Anti-Jewish sentiment is generally becoming more commonplace in Britain, a charity that provides security advice to the country’s Jewish communities said on Thursday.

The Community Security Trust (CST) said better recording and publicity around alleged anti-Jewish sentiment in the opposition Labour Party was partly to blame for a record number of antisemitic incidents in Britain last year but also warned it reflected a general rise in antisemitism.

“Hatred is rising and Jewish people are suffering as a result,” said David Delew, chief executive of the CST, which helps protect Britain’s estimated 270,000 Jews.

“It appears that the factors that led to a general, sustained high level of antisemitic incidents in 2016 have continued throughout much of 2017.”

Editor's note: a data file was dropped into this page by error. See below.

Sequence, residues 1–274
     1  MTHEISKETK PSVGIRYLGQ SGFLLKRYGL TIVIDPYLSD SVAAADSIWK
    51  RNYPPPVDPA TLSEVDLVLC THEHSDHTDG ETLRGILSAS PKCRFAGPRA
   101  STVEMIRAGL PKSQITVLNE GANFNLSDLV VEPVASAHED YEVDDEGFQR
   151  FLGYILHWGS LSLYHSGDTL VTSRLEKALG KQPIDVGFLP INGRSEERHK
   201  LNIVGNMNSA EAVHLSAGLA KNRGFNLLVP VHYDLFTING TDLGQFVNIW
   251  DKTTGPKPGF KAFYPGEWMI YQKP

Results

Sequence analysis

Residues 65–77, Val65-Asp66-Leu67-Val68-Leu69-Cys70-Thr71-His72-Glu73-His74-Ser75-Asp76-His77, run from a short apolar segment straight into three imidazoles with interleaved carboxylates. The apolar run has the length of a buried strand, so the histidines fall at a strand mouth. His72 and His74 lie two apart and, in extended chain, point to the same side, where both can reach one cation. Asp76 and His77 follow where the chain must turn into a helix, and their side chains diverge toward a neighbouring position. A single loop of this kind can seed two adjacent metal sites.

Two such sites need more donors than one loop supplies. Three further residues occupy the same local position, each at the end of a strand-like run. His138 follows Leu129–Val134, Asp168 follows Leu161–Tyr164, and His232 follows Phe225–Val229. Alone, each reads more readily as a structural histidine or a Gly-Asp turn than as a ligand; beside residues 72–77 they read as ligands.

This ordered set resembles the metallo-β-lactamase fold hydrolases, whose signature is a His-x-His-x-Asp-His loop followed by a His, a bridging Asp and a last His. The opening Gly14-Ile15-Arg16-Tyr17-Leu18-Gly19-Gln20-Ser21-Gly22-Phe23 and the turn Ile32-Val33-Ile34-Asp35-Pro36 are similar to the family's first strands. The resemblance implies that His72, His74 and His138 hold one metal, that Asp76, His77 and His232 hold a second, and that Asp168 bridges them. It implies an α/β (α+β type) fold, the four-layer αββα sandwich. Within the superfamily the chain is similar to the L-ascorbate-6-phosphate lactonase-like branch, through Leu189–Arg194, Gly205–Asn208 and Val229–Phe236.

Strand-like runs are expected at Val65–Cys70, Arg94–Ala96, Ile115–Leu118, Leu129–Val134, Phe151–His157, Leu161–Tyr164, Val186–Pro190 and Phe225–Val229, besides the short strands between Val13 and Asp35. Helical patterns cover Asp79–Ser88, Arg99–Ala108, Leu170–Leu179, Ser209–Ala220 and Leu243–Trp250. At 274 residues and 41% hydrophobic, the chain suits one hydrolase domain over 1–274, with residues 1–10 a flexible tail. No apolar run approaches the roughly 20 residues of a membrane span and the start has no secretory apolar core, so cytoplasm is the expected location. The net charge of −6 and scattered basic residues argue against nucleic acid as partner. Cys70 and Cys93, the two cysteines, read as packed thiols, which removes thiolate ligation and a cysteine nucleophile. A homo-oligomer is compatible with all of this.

There were 1,382 anti-Semitic incidents nationwide in 2017, a 3 percent increase from the year before which had been the previous highest annual number recorded by the CST since it began its monitoring programme in 1984.

There was a 34 percent rise in the number of violent antisemitic assaults to 145 but most incidents related to verbal abuse of Jews in public who were identifiable from their religious clothing, school uniform or jewelery.

The CST said a fall in the number of incidents involving social media might have reflected a better response by tech firms to tackle online hate speech along with action by police to deal with prolific offenders.